Some people who have serious physical or emotional trauma, such as those produced by a natural disaster or serious accident or crime may experience PSTD. PTSD is characterized by persistent memories of the traumatic event, avoidance behaviours or numbing of memories of the event for months or even years.

These disorders are multifaceted and can take as many forms emotionally and physically. Examples of emotional symptoms are extreme fear, apprehension and nervous tension. Physical symptoms such as fatigue, nausea, tremors and headaches are common in these disorders. The disorder can occur at any time and would usually surface in the adolescence or early adulthood period. It is deduced that people who suffers from this disorder also suffers from depression at some point of time. There is also some evidence that anxiety disorder is hereditary and thus some people are more likely than others to suffer from these disorders.

Importance to seek treatment

Anxiety disorders can have serious consequence. People who are untreated are prone to other psychological disorders such as depression, and are more likely to abuse alcohol and other drugs. Relationships with family, friends and co-workers may become very strained and job performance can suffer.


Anxiety disorders respond well to treatment in a relatively short period of time.Treatment depends on the type of anxiety disorder and its severity. But in general, most of these disorders are treated with behavioural therapy, medication or a combination of both. New research has also revealed a number of beneficial complementary therapies in moderate anxiety cases.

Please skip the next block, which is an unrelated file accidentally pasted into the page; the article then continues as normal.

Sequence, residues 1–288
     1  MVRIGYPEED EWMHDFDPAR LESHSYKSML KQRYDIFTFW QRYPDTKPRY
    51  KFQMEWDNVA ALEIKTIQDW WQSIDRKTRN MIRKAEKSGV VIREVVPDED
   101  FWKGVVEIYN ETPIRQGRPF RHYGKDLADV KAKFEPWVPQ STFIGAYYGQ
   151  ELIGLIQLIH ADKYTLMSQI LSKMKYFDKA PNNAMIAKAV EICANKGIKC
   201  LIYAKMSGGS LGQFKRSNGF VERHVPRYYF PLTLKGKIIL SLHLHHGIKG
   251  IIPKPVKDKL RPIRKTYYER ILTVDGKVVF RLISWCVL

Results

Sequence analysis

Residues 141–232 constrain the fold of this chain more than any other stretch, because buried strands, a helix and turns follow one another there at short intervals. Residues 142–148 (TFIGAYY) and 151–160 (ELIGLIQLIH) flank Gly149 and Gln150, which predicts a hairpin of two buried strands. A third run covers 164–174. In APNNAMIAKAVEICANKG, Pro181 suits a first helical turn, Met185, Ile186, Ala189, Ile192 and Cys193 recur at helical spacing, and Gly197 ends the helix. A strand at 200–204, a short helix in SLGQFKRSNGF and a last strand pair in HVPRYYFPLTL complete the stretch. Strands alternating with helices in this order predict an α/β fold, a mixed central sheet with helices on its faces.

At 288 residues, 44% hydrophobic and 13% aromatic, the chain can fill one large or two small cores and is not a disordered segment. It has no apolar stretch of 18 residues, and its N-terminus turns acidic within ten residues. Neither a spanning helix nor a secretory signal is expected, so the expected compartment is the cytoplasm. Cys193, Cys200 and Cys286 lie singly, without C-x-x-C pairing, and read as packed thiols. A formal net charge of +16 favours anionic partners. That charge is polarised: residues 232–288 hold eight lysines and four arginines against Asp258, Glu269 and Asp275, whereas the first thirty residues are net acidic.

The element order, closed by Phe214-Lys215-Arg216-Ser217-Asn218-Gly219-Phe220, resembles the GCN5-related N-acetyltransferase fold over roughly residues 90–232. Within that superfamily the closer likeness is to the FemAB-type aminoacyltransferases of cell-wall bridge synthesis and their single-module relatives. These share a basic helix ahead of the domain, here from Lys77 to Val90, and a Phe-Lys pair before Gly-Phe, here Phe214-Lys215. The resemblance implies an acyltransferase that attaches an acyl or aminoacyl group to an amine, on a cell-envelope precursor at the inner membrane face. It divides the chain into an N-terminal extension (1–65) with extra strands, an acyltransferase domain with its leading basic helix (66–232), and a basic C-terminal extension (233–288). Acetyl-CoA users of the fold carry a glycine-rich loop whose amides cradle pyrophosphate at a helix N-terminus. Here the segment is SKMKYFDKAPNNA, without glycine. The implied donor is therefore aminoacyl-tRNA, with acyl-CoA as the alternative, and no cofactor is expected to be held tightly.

Behavioural therapy

Cognitive behavioural therapy (CBT) and exposure therapy are two treatments that have proven effective in the treatment of these disorders. Both are types of behavioural therapies, which mean they focus on behaviour rather than on psychological conflicts or problems of the past.

• Cognitive behavioural therapy (CBT) – As its name suggests, CBT focuses on thoughts or cognitions – in addition to behaviour. In the treatment of this disorders, CBT helps individuals to identify negative and irrational beliefs that fuel their anxiety thoughts.

• Exposure therapy – In exposure therapy, individuals confront their fears safely in a controlled environment. Through repeated exposure, either in imagination or in reality, individuals gain a greater sense of control of the object or the feared situation.


Several medications, including benzodiazepines and antidepressants are used in the treatment of anxiety disorders. The drugs are most effective when combined with therapy (and vice versa).

Complementary treatments

Several other treatments are promising and complement both therapy and medication. In case of mild anxiety, these treatments can provide significant assistance.

• Physical exercise is a natural anti-stress. The literature shows that only half an hour of exercise three to five times a week can substantially reduce anxiety. The optimum is one hour aerobics per day.

• Relaxation techniques such as meditation, yoga and controlled breathing can reduce anxiety and increase the feeling of relaxation and emotional well-being when practiced regularly.

• Meditation is increasingly integrated with CBT to treat anxiety.